Wednesday, July 8, 2009

Why writers need blinders

One of my favorite things to do on Facebook is to look at everyone else's photos. I am always astonished at how clean and spacious and uncluttered homes or offices are, how amazing vacation pictures seem. It puts me into a kind of panic state, as if I am doing something wrong because my personal photos are not like that. I know that I love my messy home, our odd vacations and I adore my family with a passion. Of course I know that pictures do not really tell the whole story, just one of them. I know that people spruce up their space before taking a shot, that no one posts the vacation pictures of someone throwing up on the beach or the apartment where a mouse just took up residence. (It should be noted that, too when it comes to relationship photos, sometimes the most romantic portrait of love can be of a spouse bringing you tea when you have a 104 degree fever and look like the cat's dinner, but those pix are never posted.)

Today I was browsing writer blogs and reading about what everyone is writing and I had the same sort of panic. One author wrote about how easily she wrote her upcoming novel--that she finished it in six months and was now on her second, and everyone was adoring it and already awarding it prizes. (I reached for the chocolate.) Another wrote about how she knew instantly what she was supposed to be writing about and she let the characters dictate the story to her and now she is on a 450 city tour (OK, I exaggerate, but still...) I hyperventilated. I read the plot lines of both books--simple, straightforward--and thought, "Why didn't I think of that story? What's wrong with me that I didn't?"

Then I looked at my pages, which are complex, convoluted and I felt something centering. I like--no, I love what I am working on. It obsesses me. I have been trying to figure out how to write this particular novel for years and I finally figured out how to do it, and if it takes me two more years to get it right, then it takes me two more years.

I know my process is not everyone's process. I know I could no more write a book in six months then I could sing opera, nor could I write a book about something that did not speak to me in some deep and personal way.

It's difficult not to compare yourself to other writers, but I certainly don't really think that writers put up blogs for that purpose. I also think it's dangerous to think like that. Stories are like your fingerprints--yours are unique and that uniqueness is what makes them powerful. I think that's a good thing to always remember, even when other websites seem to be whispering challenges.

5 comments:

Donigan said...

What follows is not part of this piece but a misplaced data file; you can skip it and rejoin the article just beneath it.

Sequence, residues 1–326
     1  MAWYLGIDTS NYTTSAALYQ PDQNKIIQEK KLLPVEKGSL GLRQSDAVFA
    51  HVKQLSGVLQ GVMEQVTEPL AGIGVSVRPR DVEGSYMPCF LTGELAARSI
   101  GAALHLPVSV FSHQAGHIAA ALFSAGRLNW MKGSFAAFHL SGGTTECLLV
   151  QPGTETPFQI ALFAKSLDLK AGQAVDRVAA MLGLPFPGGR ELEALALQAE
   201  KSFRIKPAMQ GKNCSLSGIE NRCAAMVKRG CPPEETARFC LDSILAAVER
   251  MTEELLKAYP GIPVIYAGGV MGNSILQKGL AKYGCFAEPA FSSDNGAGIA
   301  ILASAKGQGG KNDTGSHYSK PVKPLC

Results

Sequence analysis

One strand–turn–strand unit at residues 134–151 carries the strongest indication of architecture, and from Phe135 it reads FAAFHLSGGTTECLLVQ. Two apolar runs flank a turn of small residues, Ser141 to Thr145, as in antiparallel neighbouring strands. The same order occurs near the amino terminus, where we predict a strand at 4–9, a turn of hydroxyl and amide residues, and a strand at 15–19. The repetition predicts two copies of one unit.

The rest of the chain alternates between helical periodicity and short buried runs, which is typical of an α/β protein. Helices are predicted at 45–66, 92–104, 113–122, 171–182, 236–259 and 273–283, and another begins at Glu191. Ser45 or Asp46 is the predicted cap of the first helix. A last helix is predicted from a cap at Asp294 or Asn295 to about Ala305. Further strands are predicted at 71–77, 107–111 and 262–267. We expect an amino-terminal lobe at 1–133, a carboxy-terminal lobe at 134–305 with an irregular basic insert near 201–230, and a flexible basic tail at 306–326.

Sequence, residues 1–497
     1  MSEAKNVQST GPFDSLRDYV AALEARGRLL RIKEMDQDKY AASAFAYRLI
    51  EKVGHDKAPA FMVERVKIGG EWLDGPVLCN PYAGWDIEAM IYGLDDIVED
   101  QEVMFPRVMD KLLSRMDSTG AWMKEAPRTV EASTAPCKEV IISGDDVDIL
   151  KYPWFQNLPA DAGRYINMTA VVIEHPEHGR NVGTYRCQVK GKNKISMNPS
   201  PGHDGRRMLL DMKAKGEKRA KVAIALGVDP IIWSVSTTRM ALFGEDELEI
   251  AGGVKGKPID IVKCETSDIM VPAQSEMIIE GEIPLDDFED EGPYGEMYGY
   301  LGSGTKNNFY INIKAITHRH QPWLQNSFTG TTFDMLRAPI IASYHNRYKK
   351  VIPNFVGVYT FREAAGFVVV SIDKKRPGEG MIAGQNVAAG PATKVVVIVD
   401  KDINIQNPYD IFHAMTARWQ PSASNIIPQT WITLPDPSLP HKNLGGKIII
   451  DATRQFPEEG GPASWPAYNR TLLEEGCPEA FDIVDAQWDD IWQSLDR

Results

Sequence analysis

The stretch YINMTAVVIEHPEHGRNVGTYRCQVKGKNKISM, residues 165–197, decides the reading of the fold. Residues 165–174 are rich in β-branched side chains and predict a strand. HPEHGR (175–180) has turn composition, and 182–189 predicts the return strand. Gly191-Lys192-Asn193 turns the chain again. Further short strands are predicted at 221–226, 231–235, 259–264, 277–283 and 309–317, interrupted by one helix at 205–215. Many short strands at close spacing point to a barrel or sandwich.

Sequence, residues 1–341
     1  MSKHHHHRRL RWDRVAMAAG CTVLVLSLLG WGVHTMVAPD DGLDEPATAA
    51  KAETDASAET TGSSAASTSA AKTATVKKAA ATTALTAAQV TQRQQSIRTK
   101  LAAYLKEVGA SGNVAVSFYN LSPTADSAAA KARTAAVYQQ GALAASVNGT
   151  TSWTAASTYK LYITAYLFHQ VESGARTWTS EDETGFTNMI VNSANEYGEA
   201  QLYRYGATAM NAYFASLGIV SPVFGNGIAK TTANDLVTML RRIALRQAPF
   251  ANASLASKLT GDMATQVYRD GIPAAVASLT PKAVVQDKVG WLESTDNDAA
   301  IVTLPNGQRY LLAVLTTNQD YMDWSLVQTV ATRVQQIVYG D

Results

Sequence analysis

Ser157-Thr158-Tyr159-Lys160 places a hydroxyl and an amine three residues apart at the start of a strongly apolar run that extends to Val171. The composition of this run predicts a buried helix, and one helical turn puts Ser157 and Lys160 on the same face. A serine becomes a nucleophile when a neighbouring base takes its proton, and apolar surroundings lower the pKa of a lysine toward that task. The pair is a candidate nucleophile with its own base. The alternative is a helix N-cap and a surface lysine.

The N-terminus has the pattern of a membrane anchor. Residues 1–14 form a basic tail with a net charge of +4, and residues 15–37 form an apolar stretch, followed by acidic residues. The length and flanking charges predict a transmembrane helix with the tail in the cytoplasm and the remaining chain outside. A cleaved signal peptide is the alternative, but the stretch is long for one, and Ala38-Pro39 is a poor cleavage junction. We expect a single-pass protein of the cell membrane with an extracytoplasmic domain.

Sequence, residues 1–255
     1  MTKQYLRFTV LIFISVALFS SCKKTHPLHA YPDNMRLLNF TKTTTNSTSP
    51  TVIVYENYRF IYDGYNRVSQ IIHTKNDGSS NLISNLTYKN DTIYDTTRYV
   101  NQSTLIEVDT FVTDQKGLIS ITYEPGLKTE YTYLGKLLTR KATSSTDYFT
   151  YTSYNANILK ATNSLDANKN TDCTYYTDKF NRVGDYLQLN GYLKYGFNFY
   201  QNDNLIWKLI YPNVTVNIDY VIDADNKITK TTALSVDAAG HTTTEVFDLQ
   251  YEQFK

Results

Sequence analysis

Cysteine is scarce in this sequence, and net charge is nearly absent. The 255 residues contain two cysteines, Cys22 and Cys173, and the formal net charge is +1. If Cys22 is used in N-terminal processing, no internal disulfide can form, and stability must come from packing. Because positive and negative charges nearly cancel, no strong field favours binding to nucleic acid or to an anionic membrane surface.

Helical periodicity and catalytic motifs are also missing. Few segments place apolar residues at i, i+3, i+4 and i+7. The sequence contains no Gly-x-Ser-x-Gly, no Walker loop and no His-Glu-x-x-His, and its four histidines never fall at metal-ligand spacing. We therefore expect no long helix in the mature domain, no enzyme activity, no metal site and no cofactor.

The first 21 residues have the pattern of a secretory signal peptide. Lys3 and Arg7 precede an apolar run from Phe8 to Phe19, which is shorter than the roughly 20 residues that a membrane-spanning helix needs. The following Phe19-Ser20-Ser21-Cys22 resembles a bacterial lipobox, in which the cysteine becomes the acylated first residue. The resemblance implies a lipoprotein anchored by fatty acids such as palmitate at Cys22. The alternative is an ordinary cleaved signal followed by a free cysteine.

It is more than dangerous for any artist of any variety to compare his or herself with any other artist to any degree, even the most trivial, in spite of what I suppose are natural curiosities and desires; it is self-destructive. My advice, unasked for, is stop doing it. You are on your own, and if you thought you couldn't handle being on your own, you would not have chosen this way of occupying your life. Now, would you.

Sorell Says... said...

Caroline you are fabulous!! Don't change a thing.

I am one of those "neater" artists with the less "cluttered" home. But remember, it is because my brain can only handle so much chaos, so much uncertainty after a lifetime of uncertainty as an actor and writer, that if I can organize it, or in other words dominate and control it...I will! Even if if it is just the way I stack my books, or the order of my clothes in my closet.

And of course I am so easily tempted on hard days of writing, like today, that a bag of miscellaneous things that is lying in my office cupboard is calling out my name. It does not need to be organized, but it can be, and like a crazy organizationally obsessed person I hear it calling my name!

And if you ever want your place organized, just invite me over, give me a big cup of coffee, put on some music and let me go for 5 hours :)

Caroline said...

Donigan, I loved your very bracing post and your advice. I'm saving it.

Clea Simon said...

I advise the kind of night I just had: Jon and I went out to see Dennis Brennan, a musician we love. He had a brush with fame in the '80s. Now his son's band is probably better known. But Dennis is the real deal: a hardworking artist who does it because he's born to. He may never be famous (again), but he has a reliable audience who appreciates incredibly well crafted and well performed rock 'n' roll. And he shows no signs of stopping. I find this incredibly inspiring.

Though of course both you and I will become famous!

Jessica Keener said...

Keep those blinders on, Caroline. I love your novels!!!